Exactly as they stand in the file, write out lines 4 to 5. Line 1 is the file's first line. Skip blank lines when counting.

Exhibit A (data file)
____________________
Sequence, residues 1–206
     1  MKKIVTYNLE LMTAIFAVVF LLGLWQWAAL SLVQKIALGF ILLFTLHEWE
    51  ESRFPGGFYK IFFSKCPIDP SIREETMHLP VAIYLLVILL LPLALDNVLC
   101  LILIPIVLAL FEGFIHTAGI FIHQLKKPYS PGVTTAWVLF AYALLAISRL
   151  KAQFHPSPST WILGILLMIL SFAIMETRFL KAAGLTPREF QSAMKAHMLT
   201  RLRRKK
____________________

   101  LILIPIVLAL FEGFIHTAGI FIHQLKKPYS PGVTTAWVLF AYALLAISRL
   151  KAQFHPSPST WILGILLMIL SFAIMETRFL KAAGLTPREF QSAMKAHMLT